4. Here's an example of the dual n back program and here is one of the free dual n back games online.



 A call for preventative measures–less Lamotta, more De Niro?

"Raging Bull: First study to find link between testosterone and stock market instability":

"Based on our findings, professional traders, investment advisories, and hedge funds should limit the risk taken by young male traders," continued Nadler. "This is the first study to have shown that testosterone changes the way the brain calculates value and returns in the stock market and therefore- testosterone's neurologic influence will cause traders to make suboptimal decisions unless systems prevent them from occurring."

anonymous writes: 

That paper fits in well with the overall plan to feminize males in the West. I'm sure this latest generation won't have to worry much about high T levels between the estrogenic impact of leftist culture, environmental toxins, and hormone treatments in youth.



They vet you in Stockholm to see if you're a fellow traveler before giving you the Nobel, and I guess this imposter passed the test.

Pitt T. Maner III writes: 

The lack of overreaction must be very puzzling.

Of possible interest–NNT has been very critical via tweets and made note in retweet feed of Swedish/Dr. Nudge affinity for a "cashless society". Perhaps risks/dangers of… With that it must be time for a Fika.



 Victor Niederhoffer writes to David Hand:

I am good friend of Steve Stigler and recently read and recommended your book. I came across an interesting coincidence in our mutual field. Every day I post a colored graph of 4 possible outcomes of directions of bond and stocks previous day. 11 of the last 16 occurrences have been yellow days with stocks up bonds down. The binomial prob of that is 1 in 10 million or so. I point out that events have to happen. And this is one of many billions of starting stopping pts and outcomes. Still it seems like an anomaly as I point out, the more important question is what does it portend for future. What's your view? Random or not?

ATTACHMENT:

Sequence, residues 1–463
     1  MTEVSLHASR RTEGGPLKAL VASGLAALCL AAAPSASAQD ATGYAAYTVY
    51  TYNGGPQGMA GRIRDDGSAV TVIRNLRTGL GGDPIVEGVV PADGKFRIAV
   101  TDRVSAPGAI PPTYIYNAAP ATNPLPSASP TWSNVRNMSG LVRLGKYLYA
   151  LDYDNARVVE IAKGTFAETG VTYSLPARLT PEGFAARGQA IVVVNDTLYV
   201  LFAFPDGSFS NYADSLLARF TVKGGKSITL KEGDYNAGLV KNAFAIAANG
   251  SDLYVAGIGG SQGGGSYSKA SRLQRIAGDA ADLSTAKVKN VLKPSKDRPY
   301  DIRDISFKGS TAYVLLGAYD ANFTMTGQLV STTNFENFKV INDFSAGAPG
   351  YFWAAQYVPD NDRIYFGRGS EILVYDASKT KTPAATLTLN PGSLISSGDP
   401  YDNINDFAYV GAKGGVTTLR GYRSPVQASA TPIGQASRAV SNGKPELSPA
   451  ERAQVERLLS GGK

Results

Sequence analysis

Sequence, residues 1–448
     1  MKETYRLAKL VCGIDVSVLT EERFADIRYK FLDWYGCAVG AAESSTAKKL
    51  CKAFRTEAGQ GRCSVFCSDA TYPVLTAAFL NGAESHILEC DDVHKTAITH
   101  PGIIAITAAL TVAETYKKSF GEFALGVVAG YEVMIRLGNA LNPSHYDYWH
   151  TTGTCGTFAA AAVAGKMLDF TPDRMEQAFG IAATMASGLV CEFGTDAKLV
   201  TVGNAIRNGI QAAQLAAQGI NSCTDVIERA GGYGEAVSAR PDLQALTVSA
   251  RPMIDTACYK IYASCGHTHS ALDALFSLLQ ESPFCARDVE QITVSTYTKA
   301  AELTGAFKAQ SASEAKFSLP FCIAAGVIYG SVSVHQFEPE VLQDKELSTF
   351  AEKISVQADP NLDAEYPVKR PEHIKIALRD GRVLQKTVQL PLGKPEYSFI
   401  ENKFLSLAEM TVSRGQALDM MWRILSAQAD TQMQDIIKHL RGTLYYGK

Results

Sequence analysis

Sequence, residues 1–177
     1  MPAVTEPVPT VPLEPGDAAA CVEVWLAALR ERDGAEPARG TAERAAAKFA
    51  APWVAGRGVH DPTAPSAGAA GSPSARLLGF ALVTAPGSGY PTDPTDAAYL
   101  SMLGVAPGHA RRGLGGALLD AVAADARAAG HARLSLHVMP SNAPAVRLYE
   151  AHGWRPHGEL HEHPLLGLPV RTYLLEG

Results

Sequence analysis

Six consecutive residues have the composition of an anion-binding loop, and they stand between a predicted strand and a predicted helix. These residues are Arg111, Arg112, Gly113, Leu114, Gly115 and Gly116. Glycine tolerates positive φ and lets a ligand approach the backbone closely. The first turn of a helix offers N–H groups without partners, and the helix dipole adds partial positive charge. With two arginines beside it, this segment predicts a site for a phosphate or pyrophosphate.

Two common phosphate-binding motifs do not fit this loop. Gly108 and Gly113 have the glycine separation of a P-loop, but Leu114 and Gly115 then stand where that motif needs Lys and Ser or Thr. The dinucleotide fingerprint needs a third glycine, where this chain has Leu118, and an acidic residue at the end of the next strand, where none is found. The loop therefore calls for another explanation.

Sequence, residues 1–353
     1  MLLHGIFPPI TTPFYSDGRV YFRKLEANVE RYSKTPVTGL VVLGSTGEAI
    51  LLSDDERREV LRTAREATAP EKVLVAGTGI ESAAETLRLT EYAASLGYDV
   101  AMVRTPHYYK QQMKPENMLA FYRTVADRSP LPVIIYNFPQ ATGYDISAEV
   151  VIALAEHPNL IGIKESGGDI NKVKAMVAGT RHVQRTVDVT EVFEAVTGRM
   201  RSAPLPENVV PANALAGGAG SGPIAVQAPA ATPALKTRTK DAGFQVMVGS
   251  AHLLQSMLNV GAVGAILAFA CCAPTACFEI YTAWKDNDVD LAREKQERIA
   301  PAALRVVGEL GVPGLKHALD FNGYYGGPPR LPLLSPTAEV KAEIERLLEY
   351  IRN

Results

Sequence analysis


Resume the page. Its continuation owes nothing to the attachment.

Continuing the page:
David Hands replies:

Hi Vic,

Thanks for recommending my book!

Can I first check the basis for your calculations. (I may have misunderstood what you meant.) If we take a simple model in which the probability of each of the four types of up/down pairs is equal, and the days are independent, then the probability of getting 11 out of 16 having (stocks up; bonds down) is Choose(16,11)*(0.25^11)*(0.25^5) = about 1 in 4000?

But you presumably chose (to comment on) the pattern (stocks up; bonds down) after having seen the data. So if instead we say what about the probability of any one of the four patterns coming up 11 out of the 16 times, then we have four times the probability. So, now it's 1 in 1000.

That sort of calculation would be ok if we simply had a set of 16 days to look at. But, of course, we are scanning across time. The longer we go on, the more we should expect apparently anomalous sequences to crop up. For example, we should ask not 'what is the probability of getting 11 out of 16 the same?' but 'what's the probability of getting 11 out of 16 consecutive days the same over the past 1000 (or however many) days?'

I really liked your website, which I had not seen before.

All the best


Professor David J. Hand Imperial College, London

Pitt T. Maner III adds:

A 1 hour lecture by Prof. David Hand on this subject (2014) is available here.